Stormwater runoff can pick up debris, chemicals, dirt and other pollutants during a rainfall or snowmelt event. The runoff can flow into a storm sewer or directly to a lake, stream, river or wetland. Anything that enters a storm sewer system is discharged untreated into nearby surface waters.
Polluted stormwater runoff can have many adverse effects on plants, fish, animals and people. Sediment can cloud the water and make it difficult for aquatic plants and habitat to survive. Excess nutrients can cause algae blooms. When algae die they sink to the bottom and decompose in a process that removes oxygen from the water. Fish and other aquatic organisms cannot exist in water with low dissolved oxygen levels.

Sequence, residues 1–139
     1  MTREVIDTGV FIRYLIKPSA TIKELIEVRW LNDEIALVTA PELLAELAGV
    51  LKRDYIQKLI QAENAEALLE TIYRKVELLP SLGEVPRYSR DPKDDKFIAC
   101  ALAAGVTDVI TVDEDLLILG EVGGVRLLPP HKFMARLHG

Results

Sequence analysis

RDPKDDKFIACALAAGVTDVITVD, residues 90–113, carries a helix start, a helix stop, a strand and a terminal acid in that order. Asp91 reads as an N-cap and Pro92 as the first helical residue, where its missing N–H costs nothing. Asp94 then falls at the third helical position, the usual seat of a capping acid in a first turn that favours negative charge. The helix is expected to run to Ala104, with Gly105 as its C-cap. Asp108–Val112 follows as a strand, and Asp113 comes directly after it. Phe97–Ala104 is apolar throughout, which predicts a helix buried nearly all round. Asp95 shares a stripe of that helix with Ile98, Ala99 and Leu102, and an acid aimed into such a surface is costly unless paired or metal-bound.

Household hazardous wastes like insecticides, pesticides, paint, solvents, used motor oil and automotive fluids can poison aquatic life. Surface water pollution in these forms can pose a health hazard to animals and people.
Polluted stormwater often affects drinking water sources such as ground water or other surface water features from which the potable supply is drawn. This, in turn, can affect human health and increase drinking water treatment costs.